Roosevelt would not have known that the Japanese already had learned from the eight captured pilots, three of whom were executed, that Lt. Col. Colonel Jimmy Doolittle’s B-25’s had flown off the American Carrier USS Hornet.

This surprise attack caused the Japanese to advance the date of their planned attack of Midway Island. On May 5, 1942, Imperial General Headquarters directed Admiral Isoroku Yamamoto, commander-in-chief of its Combined Fleet, to occupy Midway Island and the key points in the Western Aleutians, in cooperation with the Japanese Army.

Having intercepted and decoded Japanese Naval messages, the U.S. Navy had knowledge of the enemy’s plans in detail: his target, his order of battle and his schedule. Accordingly, when the sea battle opened off Midway on June 4, the U.S. Pacific Fleet would have 3 aircraft carriers lying in wait.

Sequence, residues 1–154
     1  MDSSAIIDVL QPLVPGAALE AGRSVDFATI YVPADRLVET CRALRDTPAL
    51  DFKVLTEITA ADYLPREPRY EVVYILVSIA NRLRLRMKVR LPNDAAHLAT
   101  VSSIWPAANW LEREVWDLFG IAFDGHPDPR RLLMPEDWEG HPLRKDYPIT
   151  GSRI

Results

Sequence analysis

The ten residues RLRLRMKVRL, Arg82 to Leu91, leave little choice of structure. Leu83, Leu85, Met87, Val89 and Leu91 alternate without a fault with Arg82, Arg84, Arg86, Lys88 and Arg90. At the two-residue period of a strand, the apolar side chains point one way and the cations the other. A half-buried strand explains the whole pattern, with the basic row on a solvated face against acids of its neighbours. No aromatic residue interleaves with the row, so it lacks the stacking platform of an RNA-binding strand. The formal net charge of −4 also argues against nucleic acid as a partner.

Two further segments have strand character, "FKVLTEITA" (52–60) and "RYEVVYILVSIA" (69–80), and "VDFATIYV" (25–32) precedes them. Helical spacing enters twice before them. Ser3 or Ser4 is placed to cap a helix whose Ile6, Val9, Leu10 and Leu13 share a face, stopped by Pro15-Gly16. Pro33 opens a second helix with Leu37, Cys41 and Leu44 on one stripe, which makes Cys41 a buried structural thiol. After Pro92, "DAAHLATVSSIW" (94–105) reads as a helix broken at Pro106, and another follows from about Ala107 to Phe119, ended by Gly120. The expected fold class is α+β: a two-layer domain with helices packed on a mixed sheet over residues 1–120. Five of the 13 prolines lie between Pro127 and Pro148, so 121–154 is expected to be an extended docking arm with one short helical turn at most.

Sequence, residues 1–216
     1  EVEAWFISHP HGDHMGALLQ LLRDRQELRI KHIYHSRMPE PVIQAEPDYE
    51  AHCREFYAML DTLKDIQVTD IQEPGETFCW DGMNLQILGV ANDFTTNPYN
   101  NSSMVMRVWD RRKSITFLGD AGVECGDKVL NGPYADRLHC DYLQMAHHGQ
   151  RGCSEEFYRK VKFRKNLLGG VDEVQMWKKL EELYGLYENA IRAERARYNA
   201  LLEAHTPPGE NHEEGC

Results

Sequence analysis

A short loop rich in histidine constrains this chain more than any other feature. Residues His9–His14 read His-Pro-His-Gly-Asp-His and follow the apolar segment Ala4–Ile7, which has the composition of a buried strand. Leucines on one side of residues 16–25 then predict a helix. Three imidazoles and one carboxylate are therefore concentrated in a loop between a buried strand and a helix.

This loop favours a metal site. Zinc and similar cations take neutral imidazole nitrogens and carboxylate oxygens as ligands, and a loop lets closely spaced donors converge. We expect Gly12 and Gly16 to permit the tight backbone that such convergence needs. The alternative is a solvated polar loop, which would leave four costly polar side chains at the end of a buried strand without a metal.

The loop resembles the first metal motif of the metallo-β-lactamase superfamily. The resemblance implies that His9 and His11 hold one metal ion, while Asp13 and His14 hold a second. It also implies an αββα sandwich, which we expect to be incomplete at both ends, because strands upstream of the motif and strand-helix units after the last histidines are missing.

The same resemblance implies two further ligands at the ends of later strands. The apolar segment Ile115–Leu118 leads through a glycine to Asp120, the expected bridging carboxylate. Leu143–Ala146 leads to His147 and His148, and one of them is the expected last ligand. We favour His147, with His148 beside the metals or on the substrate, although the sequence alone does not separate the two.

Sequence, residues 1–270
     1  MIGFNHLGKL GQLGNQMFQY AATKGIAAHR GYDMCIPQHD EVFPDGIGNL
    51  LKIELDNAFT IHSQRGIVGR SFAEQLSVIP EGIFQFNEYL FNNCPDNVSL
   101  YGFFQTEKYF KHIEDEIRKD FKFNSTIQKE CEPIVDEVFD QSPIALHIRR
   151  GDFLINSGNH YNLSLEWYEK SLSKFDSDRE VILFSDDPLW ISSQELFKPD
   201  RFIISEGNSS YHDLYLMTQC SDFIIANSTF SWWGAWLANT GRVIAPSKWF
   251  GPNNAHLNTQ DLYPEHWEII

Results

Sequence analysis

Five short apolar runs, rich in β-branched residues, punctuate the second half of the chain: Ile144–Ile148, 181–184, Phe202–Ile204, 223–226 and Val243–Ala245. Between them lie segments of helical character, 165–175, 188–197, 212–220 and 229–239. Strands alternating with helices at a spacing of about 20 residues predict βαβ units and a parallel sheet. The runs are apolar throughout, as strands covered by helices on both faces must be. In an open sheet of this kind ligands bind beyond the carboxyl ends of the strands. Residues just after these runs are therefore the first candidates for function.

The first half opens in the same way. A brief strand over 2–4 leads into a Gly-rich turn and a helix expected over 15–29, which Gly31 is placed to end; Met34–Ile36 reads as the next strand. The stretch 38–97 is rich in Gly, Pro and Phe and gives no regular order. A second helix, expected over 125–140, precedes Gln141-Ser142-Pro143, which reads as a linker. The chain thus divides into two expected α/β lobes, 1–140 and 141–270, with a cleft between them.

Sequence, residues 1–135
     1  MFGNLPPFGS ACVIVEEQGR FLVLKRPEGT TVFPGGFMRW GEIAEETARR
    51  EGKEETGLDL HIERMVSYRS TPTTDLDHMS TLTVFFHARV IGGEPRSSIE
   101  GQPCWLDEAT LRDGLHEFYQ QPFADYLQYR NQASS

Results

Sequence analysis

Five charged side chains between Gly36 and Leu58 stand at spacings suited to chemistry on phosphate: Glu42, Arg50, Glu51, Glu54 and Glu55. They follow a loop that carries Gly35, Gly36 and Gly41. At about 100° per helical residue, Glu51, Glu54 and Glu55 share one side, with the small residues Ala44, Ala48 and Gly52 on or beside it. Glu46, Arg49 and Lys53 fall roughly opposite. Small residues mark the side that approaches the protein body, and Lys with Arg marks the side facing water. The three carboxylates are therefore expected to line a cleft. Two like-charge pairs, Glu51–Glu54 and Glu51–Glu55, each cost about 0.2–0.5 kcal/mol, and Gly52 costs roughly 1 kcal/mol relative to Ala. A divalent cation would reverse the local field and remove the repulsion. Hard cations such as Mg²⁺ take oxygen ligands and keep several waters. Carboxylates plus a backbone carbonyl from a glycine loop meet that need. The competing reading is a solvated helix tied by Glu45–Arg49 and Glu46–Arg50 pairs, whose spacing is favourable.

The U.S. Fleet surprised the Japanese forces, sinking four of the Japanese aircraft carriers,Akagi,Kaga, Soryu, and Hiryu,that had attacked Pearl Harbor only 6 months before, while losing only one carrier, the USS Yorktown. After Midway, the Americans and their Allies took the offensive in the Pacific.


Naval Battle of Guadalcanal:

 Nov. 13, 1942

The script of South Pacific contains the following coast-watcher report:

“Surface craft –19 troop barges headed down the bottleneck, speed about 11 knots. Ought to pass Banika [in the Russell Islands] at about 2000 [8:00 pm] tonight, escorted by heavy warships.”

The term “bottleneck” obviously refers to the “slot,” New Georgia Sound,the body of water that runs approximately through the middle of the Solomon Islands. It is bounded by Choiseul Island, Santa Isabel Island and Florida Island to the north and by Vella Lavella, Kolombangara, New Georgia and the Russell Islands to the south.

Bougainville and Guadalcanal are located at the western and eastern ends of the sound, respectively.